The announcement caught him by surprise, even though it should not have. Mealtimes were always subject to interruptions and elucidations by his father on matters he deemed extremely pertinent to their life.
“Did you hear what I said?”
“Yes sir,” he whispered anxiously.
These pronouncements were usually delivered for his benefit. Even his siblings knew this, which is why they immediately looked in his direction as if to check his readiness.
His mother avoided his pleading glance by nervously tending to the baby.
“He was a great artist, EVEN AS A CHILD!” He stressed, yelling.
His father proceeded with his lecture.
“The newspaper had an article on an amazing child prodigy this evening.”
“Are you listening?”
He was not surprised. The newspapers in Tehran frequently used such stories as fillers in the 1950's, as if to offer the populace some hope.
His father seemed to be an expert at finding these articles and as an added supplement he would bring home books on other prodigies such as Gandhi, Lincoln, Mozart, Einstein etc. These books were required readings for his children; the potential prodigies.
“It was reported that a young child, about your age, nine or ten, entered a grocer's shop and asked if there was any work available in exchange for food. The grocer took pity on the poor, hungry boy and told him that he could paint the wall at one end of the shop. He provided him with some paint and left him to the task. Are you listening?”
“Yes sir,” he whispered again.
“Then put down your spoon and seem as if you are!”
By now he had lost his interest in the food anyway. He was trying to avoid his brother's and sister's gaze by seeming busy with his food. His mother was still busying herself with the baby.
He put his spoon down on the edge of the plate.
“The grocer came back a few minutes later and what do you think he discovered?”
“I don't know sir.”
“Of course you wouldn't. Well I'll tell you. He discovered a beautiful mural gracing that previously drab wall!”
He leaned forward across the Sofreh and glared inquisitively in the boy's face.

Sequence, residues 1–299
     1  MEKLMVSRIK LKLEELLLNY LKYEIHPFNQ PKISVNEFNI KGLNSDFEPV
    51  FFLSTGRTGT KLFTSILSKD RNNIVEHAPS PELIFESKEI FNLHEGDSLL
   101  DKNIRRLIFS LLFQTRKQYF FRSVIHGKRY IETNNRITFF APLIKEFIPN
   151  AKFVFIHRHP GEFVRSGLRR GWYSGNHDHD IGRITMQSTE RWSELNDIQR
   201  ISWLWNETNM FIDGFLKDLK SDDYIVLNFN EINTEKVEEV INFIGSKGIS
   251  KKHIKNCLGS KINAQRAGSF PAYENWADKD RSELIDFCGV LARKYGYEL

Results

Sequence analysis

“What do you think about that?”
Well, he was thinking about the grocer at the end the street. Mohammad Ali would not have trusted any vagrant with his drab walls. In fact he would have chased him out of his shop and threatened him with a good beating if he were ever to return.
“That was very admirable sir.”
“Not like you with your caring parents and expensive art lessons.” His father retorted.
There was a chilled silence.
“What do you think?” He repeated.
He was wondering how the grocer knew the little bastard was a genius. How many colors did he give him? Why did he have so much paint on hand? Why did he leave him alone for so long? Wasn't he afraid of being robbed blind or of his wall being completely trashed?
“I think I am very fortunate sir.”
“Yes, very fortunate but never grateful, your art teacher tells me you still have problems with relative proportions. Is that true?”
“I am trying sir."
“How many expensive art lessons do you think Raphael was privileged to have?”
He knew this was a crucial question but no particular answer had ever guaranteed his father's satisfaction in the past.
“I don’t know sir.”
He felt the sting of the backhand across his face.
“None, you moron, NONE!”
Through the welling tears he could see the distorted smiles on his siblings’ faces. His mother, biting her lip, was nervously wiping the crying baby's mouth.